Lethality of chlorine, chlorine dioxide, and a commercial produce sanitizer to Bacillus cereus and Pseudomonas in a liquid detergent, on stainless steel, and in biofilm

Audrey C. Kreske, Jee Hoon Ryu, Charles A. Pettigrew, Larry R. Beuchat

Research output: Contribution to journalArticle

29 Citations (Scopus)

Abstract

Many factors that are not fully understood may influence the effectiveness of sanitizer treatments for eliminating pathogens and spoilage microorganisms in food or detergent residues or in biofilms on food contact surfaces. This study was done to determine the sensitivities of Pseudomonas cells and Bacillus cereus cells and spores suspended in a liquid dishwashing detergent and inoculated onto the surface of stainless steel to treatment with chlorine, chlorine dioxide, and a commercial produce sanitizer (Fit). Cells and spores were incubated in a liquid dishwashing detergent for 16 to 18 h before treatment with sanitizers. At 50 μg/ml, chlorine dioxide killed a significantly higher number of Pseudomonas cells (3.82 log CFU/ml) than did chlorine (a reduction of 1.34 log CFU/ml). Stainless steel coupons were spot inoculated with Pseudomonas cells and B. cereus cells and spores, with water and 5% horse serum as carriers. Chlorine was more effective than chlorine dioxide in killing cells and spores of B. cereus suspended in horse serum. B. cereus biofilm on stainless steel coupons that were treated with chlorine dioxide or chlorine at 200 μg/ml had total population reductions (vegetative cells plus spores) of ≥4.42 log CFU per coupon; the number of spores was reduced by ≥3.80 log CFU per coupon. Fit (0.5%) was ineffective for killing spot-inoculated B. cereus and B. cereus in biofilm, but treatment with mixtures of Fit and chlorine dioxide caused greater reductions than did treatment with chlorine dioxide alone. In contrast, when chlorine was combined with Fit, the lethality of chlorine was completely lost. This study provides information on the survival and sanitizer sensitivity of Pseudomonas and B. cereus in a liquid dishwashing detergent, on the surface of stainless steel, and in a biofilm. This information will be useful for developing more effective strategies for cleaning and sanitizing contact surfaces in food preparation and processing environments.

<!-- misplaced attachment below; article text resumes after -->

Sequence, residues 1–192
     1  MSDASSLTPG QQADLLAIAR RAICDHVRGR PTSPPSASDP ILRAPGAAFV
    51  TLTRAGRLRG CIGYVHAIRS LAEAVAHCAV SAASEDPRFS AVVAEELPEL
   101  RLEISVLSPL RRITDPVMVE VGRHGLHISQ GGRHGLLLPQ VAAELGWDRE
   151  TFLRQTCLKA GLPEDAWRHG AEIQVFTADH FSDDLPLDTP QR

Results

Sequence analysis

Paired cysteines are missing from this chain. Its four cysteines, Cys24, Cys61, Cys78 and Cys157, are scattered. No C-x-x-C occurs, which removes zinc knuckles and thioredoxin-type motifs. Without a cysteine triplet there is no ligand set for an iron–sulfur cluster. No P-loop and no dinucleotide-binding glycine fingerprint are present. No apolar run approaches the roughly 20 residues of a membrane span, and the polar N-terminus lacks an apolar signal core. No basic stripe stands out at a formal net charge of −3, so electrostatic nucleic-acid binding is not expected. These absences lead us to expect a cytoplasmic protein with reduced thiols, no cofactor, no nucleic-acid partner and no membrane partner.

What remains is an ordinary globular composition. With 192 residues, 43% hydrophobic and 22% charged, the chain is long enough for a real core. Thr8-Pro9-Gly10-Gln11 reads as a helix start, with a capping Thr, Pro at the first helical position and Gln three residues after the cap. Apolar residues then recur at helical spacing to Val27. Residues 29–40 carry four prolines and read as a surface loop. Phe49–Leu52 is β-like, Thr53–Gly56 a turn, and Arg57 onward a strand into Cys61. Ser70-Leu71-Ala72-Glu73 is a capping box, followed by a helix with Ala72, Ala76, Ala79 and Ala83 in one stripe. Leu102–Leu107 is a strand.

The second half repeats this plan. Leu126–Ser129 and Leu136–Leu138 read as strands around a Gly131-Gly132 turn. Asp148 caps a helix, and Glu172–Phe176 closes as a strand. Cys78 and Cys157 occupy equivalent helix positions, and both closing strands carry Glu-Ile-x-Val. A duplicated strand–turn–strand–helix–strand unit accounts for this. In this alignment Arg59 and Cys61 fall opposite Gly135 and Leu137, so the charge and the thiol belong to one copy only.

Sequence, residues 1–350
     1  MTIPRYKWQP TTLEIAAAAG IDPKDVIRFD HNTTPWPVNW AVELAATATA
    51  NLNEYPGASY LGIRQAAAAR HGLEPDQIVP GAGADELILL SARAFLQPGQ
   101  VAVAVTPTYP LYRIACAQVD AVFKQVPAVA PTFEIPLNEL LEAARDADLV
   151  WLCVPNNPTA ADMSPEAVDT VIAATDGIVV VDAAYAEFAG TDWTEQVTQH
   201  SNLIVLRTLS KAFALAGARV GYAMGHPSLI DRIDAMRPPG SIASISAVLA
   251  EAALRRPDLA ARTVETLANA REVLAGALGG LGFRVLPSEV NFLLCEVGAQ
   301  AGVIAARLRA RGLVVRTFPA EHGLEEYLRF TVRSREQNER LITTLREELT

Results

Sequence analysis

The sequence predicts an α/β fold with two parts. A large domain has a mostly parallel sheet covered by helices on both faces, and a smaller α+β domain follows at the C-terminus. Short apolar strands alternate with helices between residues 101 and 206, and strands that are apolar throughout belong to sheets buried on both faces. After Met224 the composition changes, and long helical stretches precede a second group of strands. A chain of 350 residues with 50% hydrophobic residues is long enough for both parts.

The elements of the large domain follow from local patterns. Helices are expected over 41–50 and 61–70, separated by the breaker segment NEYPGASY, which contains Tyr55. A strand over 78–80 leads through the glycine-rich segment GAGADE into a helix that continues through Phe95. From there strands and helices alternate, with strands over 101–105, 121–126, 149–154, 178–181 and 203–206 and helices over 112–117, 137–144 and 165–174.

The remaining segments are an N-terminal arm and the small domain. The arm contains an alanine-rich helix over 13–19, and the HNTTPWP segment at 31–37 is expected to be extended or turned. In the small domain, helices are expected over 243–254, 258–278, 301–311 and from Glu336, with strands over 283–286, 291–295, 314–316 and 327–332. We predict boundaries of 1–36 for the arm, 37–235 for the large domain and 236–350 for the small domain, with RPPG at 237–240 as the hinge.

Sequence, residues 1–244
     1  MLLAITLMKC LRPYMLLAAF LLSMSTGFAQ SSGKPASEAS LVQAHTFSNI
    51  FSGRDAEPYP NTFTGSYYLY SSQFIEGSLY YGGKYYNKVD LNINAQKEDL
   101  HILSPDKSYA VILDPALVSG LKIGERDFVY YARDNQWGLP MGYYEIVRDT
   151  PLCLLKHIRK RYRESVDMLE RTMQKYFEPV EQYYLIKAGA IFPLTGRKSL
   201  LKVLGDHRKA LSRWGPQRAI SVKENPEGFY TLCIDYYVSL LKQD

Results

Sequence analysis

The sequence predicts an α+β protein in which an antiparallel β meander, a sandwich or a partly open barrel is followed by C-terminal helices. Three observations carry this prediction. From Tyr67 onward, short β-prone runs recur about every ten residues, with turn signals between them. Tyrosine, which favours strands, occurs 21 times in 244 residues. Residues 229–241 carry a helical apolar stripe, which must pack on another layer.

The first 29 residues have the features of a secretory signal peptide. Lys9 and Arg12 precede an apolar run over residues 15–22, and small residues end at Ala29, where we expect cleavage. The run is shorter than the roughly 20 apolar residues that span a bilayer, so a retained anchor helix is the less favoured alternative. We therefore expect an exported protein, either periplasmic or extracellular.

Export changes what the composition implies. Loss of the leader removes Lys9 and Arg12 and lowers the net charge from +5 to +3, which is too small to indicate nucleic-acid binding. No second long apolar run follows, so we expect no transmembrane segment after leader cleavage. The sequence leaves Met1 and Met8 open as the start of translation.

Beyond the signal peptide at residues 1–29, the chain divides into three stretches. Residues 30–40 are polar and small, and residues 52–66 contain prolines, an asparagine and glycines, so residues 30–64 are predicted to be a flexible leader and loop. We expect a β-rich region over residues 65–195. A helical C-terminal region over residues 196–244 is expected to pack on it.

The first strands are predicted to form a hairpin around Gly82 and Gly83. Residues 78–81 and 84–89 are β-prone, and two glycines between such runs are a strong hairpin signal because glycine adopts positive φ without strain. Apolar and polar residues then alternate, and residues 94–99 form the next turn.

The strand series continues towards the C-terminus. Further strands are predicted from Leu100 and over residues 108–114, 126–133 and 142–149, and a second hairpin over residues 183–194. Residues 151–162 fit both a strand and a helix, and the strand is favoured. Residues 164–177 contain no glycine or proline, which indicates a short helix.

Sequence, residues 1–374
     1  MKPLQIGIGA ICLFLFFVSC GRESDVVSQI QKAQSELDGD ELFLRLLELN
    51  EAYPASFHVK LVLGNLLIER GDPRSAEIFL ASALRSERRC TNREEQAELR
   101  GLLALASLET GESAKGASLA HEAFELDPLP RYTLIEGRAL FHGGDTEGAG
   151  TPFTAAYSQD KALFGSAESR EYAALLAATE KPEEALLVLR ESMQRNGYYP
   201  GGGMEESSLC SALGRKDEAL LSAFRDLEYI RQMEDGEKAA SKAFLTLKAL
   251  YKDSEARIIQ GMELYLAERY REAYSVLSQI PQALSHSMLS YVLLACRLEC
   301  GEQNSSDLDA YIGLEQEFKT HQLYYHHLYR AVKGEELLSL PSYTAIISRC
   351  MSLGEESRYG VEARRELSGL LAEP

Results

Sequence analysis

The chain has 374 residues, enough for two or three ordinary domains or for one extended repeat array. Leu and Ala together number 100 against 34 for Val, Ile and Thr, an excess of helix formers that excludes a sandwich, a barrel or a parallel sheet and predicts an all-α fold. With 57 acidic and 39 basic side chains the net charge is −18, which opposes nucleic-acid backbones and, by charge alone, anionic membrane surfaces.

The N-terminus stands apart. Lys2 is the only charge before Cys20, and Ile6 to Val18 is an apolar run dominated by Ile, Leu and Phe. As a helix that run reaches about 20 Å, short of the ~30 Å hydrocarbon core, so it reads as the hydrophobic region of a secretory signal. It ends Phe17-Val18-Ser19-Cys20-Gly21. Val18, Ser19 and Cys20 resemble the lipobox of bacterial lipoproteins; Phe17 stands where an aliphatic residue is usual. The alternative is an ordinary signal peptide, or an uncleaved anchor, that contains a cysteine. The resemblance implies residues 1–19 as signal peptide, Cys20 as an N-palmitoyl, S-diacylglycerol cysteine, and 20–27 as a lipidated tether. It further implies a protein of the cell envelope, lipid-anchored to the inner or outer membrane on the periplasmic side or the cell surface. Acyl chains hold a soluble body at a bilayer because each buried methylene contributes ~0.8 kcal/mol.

Original languageEnglish
Pages (from-to)2621-2634
Number of pages14
JournalJournal of Food Protection
Volume69
Issue number11
DOIs
Publication statusPublished - 2006 Nov

ASJC Scopus subject areas

  • Food Science
  • Microbiology

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